“Try and create a workspace for yourself.”
“Wear office clothes even when you work from home to stay motivated.”
“Stick to a schedule.”
“Ensure you have non-work-related conversations with your colleagues.”
It’s been over a year since the pandemic became the focal point of our lives, and we’ve heard these tips several times over. So,why should we keep having this conversation on well-being at our workplaces?
Many of us spend at least 7-9 hours at work every day. Our jobs take up most of our waking hours, and it is essential to cultivate a healthy workplace culture to help employees feel supported. The second wave of the COVID-19 pandemic has brought about increased levels of personal stress for many. These range from logistical difficulties of procuring medical assistance for those infected to finding sustainable ways to remain safe from the virus.
Our work lives have stopped existing in isolation since we began working from home—personal and professional lives bleed into each other. Studies have found working from home significantly impacts a person’s physical and mental health and overall quality of life. What was restricted as “home life” and “work-life” thanks to our daily commute and movement around another physical space has now become a trip from the bedroom to the work table. While this has given us more time, the new experience of having to share the same roof for work and home life has impacted our personal well-being, specifically our diet, sleep, and exercise.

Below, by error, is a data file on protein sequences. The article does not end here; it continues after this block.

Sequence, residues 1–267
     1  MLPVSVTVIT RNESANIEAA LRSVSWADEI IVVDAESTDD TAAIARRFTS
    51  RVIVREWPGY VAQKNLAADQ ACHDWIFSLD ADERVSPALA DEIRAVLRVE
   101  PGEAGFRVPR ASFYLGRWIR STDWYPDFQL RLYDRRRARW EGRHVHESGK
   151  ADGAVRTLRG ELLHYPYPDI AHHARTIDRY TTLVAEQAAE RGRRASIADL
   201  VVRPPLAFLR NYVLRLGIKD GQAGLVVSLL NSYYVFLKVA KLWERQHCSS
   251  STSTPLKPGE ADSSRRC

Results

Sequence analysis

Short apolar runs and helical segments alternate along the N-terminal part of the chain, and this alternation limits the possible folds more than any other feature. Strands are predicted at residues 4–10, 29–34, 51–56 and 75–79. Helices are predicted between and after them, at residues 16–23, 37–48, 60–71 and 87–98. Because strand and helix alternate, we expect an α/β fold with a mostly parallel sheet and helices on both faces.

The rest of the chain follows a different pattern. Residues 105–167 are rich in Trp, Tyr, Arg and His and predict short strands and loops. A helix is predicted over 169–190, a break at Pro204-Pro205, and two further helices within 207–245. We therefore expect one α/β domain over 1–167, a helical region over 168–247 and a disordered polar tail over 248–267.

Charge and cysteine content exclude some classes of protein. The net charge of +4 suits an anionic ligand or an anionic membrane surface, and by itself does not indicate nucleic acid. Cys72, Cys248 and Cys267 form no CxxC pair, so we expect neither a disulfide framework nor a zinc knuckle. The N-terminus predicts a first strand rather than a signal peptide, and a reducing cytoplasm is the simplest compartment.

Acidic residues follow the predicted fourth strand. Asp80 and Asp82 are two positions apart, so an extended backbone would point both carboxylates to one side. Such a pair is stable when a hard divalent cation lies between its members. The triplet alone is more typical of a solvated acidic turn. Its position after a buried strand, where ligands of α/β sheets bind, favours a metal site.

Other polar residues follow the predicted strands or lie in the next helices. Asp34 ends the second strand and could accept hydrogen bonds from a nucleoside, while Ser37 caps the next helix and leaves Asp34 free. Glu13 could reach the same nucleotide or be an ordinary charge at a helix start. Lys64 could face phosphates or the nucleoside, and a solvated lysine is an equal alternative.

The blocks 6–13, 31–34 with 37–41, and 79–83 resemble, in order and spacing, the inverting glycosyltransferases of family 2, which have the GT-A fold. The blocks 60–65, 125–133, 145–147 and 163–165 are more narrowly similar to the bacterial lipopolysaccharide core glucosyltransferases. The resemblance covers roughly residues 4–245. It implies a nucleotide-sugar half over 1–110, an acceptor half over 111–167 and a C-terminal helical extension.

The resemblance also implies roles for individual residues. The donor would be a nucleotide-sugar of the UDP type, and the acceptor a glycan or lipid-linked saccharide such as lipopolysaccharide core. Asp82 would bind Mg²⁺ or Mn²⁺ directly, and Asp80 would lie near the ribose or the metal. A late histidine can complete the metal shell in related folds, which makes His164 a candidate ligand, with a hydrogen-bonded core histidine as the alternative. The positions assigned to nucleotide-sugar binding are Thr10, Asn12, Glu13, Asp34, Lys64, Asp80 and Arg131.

A workplace is also a vital community for everyone who’s a part of it. It’s often the only community for many. Our social interactions with colleagues during lunch breaks, coffee breaks, or evening walks have entirely stopped. Remote work has also changed the equation we share with colleagues for non-work-related conversations. A conscious effort towards creating a culture that fosters allyship is often one of the most powerful support systems provided for many.
I found the safe space created by my colleagues very helpful in navigating my growing anxiety about the world around me. The privilege of this was also evident when numerous friends reached out about being unable to focus on work and not having anyone who could tell them, “Yes, I completely understand that feeling.”
We may have heard “tips to manage work from home” several times over, but the ever-changing social landscape and growing uncertainty around the pandemic continues to throw new challenges. The relationship between work and health is complex, but continued conversations around well-being are timely reminders to ourselves and our colleagues to focus on our overall wellness.